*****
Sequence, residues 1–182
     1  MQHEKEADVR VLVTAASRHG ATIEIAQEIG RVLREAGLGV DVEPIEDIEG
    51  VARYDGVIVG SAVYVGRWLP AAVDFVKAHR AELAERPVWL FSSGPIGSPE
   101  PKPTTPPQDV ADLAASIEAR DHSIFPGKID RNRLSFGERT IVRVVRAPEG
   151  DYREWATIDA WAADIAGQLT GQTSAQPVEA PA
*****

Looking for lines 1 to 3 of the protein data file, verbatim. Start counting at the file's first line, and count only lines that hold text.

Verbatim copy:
Sequence, residues 1–182
     1  MQHEKEADVR VLVTAASRHG ATIEIAQEIG RVLREAGLGV DVEPIEDIEG
    51  VARYDGVIVG SAVYVGRWLP AAVDFVKAHR AELAERPVWL FSSGPIGSPE